Cold and Flu season is upon us and seeing as the little man is off to the daycare, this one has been very intense. I think he has been sick every single week since starting at the crèche, and even though an elevated temperature scares me not, I have had a few nights where I lay awake staring at the ceiling, waiting for him to call again. No point in falling asleep, and the whole night was more like a quick cat-nap. 

One fine day, now known as “The Beginning of it all”, he came to French for mommy group class with me.  I knew something was up when while I was teaching the passé composé and he came over and asked for a snuggle. Almost immediately, all 14 kg of him fell asleep in my arms, and he was so wiped out that I was able to continue teaching while he rested. I carried him around for the remainder of the class, no interruptions, and then rather clumsily transferred him to his poussette without waking him – then I was really worried.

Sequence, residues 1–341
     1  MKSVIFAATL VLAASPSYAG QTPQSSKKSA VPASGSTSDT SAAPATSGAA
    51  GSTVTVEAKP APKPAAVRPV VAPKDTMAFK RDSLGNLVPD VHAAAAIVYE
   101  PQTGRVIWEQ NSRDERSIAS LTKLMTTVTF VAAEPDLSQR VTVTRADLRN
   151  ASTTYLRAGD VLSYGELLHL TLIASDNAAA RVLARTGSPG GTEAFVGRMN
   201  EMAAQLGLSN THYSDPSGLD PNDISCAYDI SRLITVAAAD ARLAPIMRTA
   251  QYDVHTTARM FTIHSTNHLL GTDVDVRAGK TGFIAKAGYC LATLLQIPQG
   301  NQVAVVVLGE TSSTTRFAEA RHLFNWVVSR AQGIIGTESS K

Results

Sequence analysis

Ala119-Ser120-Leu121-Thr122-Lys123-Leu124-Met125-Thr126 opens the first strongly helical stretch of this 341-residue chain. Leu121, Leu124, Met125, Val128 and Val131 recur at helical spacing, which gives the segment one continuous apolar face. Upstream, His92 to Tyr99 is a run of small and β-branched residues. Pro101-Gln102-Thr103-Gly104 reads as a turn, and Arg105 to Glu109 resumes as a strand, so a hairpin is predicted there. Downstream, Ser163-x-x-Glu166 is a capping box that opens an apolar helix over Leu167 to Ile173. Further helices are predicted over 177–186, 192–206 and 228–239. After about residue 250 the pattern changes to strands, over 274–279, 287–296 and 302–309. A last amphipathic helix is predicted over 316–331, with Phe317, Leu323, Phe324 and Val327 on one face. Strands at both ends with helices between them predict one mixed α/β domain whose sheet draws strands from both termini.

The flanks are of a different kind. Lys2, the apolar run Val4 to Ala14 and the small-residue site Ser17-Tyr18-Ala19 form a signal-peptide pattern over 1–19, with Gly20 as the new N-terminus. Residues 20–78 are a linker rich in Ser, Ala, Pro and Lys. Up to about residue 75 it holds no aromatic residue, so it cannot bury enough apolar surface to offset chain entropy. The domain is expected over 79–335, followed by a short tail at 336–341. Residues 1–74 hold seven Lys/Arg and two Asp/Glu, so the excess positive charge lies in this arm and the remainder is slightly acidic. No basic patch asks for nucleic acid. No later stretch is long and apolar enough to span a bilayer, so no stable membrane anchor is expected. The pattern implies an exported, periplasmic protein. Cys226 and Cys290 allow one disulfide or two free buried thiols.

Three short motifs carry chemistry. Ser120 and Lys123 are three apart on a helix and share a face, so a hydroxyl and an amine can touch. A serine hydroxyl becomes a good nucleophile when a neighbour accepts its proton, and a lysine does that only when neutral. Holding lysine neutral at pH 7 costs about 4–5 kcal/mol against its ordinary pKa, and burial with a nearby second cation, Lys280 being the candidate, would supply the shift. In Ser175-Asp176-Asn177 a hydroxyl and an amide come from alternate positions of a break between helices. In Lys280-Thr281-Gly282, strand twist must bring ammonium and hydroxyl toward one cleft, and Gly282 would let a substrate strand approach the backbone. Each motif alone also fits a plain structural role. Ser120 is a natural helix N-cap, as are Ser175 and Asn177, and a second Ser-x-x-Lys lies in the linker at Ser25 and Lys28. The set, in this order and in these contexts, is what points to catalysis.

One of the biggest and most challenging set of cultural differences I have found since moving to Paris is the general approach to health and wellness. This was thrown in my face as a pregnant new arrival, and despite all of my education in French language and culture, this all came as a complete shock (and disappointment, if I’m honest!). On the positive side, the healthcare system is a very supportive one, but in general the French tend towards the pharmaceuticals.  Doliprane (acetaminophen) is taken like candy and le medecin généraliste is like a God who, for 23 – 30 euros, will give you a magic scroll – une ordonnance – with a list of cures for all that has created discomfort in your body. Next, you take this to visit le pharmacien demigods, pick up your prescription and once you ingest it all, Pouf! Pouf! Bim! Bam! Boum! all the discomfort is managed and you can get on with life.


Cultural differences.